Customs and traditions differ from one part of Nepal to another. A conglomeration lies in capital city Kathmandu where cultures are blending to form a national identity. A prominent factor in a Nepali’s everyday life is religion. Nepal was declared a secular country by the Parliament on May 18, 2006. Religions practiced in Nepal are: Hinduism, Buddhism, Islam, Christianity, Jainism, Sikhism, Bon, ancestor worship and animism. The majority of Nepalis are either Hindus or Buddhism. The two have co-existed in harmony through centuries. Buddha is widely worshipped by both Buddhists and Hindus of Nepal. The five Dhyani Buddhas; Vairochana, Akshobhaya, Rathasambhava, Amitabha and Amoghasiddhi, represent the five basic elements: earth, fire, water, air and ether. Buddhist philosophy conceives these deities to be the manifestations of Sunya or absolute void. Hindu Nepalis worship the ancient Vedic gods. Bramha the Creator, Vishnu the Preserver and Shiva the Destroyer, are worshipped as the Supreme Hindu Trinity. People pray to the Shiva Linga or the phallic symbol of Lord Shiva in most Shiva temples. Shakti, the dynamic element in the female counterpart of Shiva, is highly revered and feared. Other popular deities are Ganesh for luck, Saraswati for knowledge, Lakshmi for wealth and Hanuman for protection. Krishna, believed to be the human incarnation of Lord Vishnu is also worshipped widely. Hindu holy scripts Bhagawat Gita, Ramayan and Mahabharat are widely read in Nepal. Vedas, Upanishads and other holy scriptures are read by well learned Brahmin Pundits during special occasions.

Traditions

The diversity in Nepal in terms of ethnicity again makes room for various sets of customs. Most of these customs go back to the Hindu, Buddhist or other religious traditions. Among them, the rules of marriage are particularly interesting. Traditional marriages call for deals arranged by parents after the boy or girl come of age. Nepalis do not eat beef. There are several reasons for this, one being that the Hindus worship cow. Cow is also the national animal of Nepal. Another interesting concept among Nepalis is division of pure and impure. “Jutho” referring to food or material touched by another’s mouth directly or indirectly, is considered impure by Nepalis. Nepalis consider cow dung to be pure for cleansing purposes. Nepal is a patriarchal society. Men usually go out to work while women are homemakers. However, in cities, roles can differ. Most Nepalis abide by the caste system in living habits and marriage. Rural Nepal is mostly agrarian, while some aspects of urban life carry glitz and glamour of the ultra-modern world.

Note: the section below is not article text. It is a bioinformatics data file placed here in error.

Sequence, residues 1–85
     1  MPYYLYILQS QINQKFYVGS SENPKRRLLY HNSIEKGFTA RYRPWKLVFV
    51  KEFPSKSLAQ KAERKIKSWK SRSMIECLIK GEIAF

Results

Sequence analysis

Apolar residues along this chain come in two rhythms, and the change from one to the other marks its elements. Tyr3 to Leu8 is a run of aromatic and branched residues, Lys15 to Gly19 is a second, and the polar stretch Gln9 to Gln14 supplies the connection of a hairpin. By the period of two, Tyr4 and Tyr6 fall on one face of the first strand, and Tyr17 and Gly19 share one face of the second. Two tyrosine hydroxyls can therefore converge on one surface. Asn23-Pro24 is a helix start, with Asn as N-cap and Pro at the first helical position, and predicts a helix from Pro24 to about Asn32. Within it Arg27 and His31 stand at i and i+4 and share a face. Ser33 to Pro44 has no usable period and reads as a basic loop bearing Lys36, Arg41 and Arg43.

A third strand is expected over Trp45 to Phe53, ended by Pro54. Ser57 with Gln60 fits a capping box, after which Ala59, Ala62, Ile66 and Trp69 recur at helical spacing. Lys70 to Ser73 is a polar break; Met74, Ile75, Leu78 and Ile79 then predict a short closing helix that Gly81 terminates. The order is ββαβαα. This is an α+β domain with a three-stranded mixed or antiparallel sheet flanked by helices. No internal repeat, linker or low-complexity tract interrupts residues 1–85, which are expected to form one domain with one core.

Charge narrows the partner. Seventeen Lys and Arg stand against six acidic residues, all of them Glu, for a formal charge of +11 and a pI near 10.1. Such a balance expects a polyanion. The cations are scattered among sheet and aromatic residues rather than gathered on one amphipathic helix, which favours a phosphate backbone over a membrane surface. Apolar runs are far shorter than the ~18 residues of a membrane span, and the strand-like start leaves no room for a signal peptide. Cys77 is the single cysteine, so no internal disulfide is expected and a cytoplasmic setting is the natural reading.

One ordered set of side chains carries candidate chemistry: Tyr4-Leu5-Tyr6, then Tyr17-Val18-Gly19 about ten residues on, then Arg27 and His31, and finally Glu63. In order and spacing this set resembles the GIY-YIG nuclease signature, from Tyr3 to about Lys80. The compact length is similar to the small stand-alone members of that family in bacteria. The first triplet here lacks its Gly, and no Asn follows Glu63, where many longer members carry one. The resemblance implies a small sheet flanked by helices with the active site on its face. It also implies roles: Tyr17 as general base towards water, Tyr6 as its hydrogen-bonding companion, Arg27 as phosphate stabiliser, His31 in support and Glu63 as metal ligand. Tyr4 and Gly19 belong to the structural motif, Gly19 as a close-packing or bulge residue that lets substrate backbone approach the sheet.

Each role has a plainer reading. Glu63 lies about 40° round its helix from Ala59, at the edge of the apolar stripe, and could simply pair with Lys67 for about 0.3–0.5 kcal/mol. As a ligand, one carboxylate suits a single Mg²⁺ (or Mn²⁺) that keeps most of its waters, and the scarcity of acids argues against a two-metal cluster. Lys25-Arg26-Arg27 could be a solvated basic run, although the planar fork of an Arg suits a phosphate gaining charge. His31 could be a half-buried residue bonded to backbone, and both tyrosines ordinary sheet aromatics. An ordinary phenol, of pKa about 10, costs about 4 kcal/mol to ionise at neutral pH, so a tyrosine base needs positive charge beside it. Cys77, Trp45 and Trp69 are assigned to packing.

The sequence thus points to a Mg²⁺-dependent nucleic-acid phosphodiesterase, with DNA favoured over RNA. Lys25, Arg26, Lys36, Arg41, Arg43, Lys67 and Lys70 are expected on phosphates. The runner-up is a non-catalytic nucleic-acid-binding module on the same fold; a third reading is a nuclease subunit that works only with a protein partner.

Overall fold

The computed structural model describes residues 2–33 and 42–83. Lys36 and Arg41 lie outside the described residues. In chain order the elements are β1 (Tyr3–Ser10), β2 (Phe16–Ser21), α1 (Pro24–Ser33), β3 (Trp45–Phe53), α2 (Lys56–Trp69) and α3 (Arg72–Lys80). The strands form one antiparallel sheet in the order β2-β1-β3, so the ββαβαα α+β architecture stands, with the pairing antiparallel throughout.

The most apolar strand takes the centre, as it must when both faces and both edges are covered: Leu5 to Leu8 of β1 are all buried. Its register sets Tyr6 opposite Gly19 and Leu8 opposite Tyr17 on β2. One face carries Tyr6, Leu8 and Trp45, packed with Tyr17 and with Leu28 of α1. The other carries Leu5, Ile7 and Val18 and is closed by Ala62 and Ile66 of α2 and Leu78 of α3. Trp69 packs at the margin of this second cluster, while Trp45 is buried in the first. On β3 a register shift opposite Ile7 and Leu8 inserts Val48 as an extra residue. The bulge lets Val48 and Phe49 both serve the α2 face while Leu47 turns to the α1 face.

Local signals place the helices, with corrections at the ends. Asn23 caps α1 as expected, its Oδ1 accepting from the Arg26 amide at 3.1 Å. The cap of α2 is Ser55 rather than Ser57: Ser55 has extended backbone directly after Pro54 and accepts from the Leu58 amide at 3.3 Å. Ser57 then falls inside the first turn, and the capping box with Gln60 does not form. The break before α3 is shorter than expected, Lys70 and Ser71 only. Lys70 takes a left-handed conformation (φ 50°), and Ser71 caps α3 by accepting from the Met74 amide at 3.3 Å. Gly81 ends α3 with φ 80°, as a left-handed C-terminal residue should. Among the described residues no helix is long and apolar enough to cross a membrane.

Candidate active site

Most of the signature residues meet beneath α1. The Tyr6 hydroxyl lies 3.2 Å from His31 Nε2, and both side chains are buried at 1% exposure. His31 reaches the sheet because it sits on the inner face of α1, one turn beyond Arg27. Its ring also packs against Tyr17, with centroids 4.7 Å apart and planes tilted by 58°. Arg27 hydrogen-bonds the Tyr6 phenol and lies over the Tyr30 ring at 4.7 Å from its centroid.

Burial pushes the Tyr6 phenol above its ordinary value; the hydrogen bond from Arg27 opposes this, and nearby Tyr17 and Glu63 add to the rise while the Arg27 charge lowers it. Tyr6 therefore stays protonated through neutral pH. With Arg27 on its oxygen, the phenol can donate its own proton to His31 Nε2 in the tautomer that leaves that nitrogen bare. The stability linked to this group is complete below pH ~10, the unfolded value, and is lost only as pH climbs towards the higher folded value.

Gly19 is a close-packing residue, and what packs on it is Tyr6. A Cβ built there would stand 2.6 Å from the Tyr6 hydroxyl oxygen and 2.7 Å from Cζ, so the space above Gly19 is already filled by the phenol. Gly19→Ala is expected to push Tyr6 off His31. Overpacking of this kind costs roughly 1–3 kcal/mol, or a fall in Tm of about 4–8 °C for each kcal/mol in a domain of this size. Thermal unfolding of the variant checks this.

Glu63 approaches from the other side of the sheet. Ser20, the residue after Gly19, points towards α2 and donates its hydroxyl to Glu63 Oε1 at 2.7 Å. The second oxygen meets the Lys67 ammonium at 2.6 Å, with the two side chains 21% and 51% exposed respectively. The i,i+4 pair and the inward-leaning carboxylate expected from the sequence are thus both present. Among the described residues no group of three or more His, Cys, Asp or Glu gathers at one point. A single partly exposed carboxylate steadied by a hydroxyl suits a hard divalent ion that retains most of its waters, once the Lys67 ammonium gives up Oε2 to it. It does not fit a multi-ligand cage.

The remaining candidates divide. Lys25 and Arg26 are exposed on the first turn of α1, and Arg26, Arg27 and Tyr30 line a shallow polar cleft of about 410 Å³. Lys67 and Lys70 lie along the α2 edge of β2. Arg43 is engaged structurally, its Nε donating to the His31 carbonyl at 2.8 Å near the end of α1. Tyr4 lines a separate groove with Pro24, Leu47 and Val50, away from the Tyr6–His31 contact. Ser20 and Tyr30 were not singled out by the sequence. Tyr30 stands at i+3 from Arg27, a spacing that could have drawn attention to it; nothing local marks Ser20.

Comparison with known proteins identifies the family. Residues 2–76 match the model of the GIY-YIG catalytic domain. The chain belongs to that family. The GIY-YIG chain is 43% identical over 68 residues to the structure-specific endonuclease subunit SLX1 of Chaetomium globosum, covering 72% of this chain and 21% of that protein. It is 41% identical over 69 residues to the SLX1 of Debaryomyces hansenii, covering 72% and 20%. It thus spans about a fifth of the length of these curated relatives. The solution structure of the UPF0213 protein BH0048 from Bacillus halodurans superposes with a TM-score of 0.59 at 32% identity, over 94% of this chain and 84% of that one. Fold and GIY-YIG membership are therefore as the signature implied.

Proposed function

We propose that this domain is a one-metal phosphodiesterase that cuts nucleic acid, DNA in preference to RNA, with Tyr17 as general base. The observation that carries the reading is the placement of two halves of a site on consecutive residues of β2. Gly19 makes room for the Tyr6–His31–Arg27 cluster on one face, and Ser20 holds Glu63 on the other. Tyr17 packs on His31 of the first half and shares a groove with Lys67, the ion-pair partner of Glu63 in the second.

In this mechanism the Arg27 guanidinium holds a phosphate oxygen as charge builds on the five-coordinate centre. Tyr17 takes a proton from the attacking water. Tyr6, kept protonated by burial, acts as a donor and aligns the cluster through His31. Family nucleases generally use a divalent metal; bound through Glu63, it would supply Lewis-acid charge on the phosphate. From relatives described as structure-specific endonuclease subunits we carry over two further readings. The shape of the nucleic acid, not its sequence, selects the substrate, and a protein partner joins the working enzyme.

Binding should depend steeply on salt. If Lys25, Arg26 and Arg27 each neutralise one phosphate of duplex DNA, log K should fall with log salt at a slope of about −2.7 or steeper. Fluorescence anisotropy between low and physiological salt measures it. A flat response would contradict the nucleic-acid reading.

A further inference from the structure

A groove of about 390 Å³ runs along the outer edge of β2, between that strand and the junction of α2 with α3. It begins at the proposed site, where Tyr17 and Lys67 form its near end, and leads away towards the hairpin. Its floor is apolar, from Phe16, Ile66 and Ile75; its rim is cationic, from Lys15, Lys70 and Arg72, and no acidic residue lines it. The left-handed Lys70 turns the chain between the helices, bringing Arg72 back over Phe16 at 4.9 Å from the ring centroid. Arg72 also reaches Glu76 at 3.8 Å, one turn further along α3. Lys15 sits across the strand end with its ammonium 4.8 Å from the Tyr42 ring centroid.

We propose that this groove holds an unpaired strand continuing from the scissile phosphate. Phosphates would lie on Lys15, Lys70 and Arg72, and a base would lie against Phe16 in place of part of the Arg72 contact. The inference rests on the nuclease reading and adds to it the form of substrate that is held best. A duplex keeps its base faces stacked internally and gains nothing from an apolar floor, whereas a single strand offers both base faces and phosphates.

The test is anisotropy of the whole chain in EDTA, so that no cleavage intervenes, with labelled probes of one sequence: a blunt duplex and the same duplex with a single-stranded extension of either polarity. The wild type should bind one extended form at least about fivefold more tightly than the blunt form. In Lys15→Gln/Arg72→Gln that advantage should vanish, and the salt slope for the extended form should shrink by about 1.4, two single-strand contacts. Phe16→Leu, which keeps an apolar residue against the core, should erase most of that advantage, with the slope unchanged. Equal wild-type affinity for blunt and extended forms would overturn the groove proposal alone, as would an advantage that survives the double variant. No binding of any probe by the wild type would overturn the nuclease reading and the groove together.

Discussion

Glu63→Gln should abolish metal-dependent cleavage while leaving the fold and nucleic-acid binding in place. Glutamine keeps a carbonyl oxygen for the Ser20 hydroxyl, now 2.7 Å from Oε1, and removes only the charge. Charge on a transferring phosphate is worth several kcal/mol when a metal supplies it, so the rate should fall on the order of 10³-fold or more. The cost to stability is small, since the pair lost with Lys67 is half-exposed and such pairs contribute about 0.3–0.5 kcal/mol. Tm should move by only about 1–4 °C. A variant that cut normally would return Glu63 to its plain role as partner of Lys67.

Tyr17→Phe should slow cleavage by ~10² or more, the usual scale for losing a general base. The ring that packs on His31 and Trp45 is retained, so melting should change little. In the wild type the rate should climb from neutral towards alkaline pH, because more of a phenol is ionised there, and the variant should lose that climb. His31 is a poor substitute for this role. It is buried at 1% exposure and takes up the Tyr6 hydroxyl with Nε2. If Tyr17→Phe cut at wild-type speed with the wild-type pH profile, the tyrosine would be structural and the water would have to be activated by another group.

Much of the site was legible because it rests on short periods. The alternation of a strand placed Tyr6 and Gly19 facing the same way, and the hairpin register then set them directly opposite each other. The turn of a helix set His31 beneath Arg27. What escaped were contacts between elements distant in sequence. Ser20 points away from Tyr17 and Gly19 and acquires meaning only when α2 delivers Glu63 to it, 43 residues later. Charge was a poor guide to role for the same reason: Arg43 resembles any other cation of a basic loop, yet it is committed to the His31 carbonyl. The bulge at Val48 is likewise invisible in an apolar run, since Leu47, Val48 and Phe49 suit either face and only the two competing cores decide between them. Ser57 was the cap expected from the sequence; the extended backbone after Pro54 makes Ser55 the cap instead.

Cuisine

Nepal does not have a distinct cooking style. However, food habits differ depending on the region. Nepali food has been influenced by Indian and Tibetan styles of cooking. Authentic Nepali taste is found in Newari and Thakai cuisines. Most Nepalis do not use cutlery but eat with their right hand.The regular Nepali meal is dal (lentil soup), bhat (boiled rice) and tarkari (curried vegetables), often accompanied by achar (pickle). Curried meat is very popular, but is saved for special occasions, as it is relatively more expensive. Momos (steamed or fried dumplings) deserve a mention as one of the most popular snack among Nepalis. Rotis (flat bread) and dhedo (boiled flour) also make meals in some homes..

Tourism

Tourism is the largest industry in Nepal and its largest source of foreign exchange and revenue. Possessing eight of the ten highest mountains in the world, Nepal is a hot spot destination for mountaineers, rock climbers and people seeking adventure. The Hindu and Buddhist heritage of Nepal and its cool weather are also strong attractions. The beautiful mountain nation has much to allure the tourists. Katmandu, the capital city has many Buddhist Temples, shrouded in mystic aura. The ornate royal palaces and temples that are built in traditional pagoda style function as open administrative centres, thus, allowing tourists to explore their elegance. From the soaring heights of the mountain peaks to its spiritual grandeur, Nepal has something for everyone. While Lumbini, the birthplace of the Buddha will not fail to swathe your senses in pure divinity, the Annapurna range will provide for an ultimate adrenalin rush. This breathtaking conservation area provides professional climbers and enthusiasts with an amazing opportunity to hike up to the gorgeous peaks. Another adventurous attraction is the Pokhra trekking tour that takes 25 days of travel. Famous for its stunning lakes and snowy mountain peaks, Pokhra is the third largest city of Nepal. Nagarkot, another popular attraction is famous for its panoramic views of the Eastern Himalayas. Glistering Himalayan peaks like the Everest, Manaslu, Ganesh Himal, Langan, Choba Bhamre and Gaurisankar can be spotted from Nagarkot.


Tourist Destinations in Nepal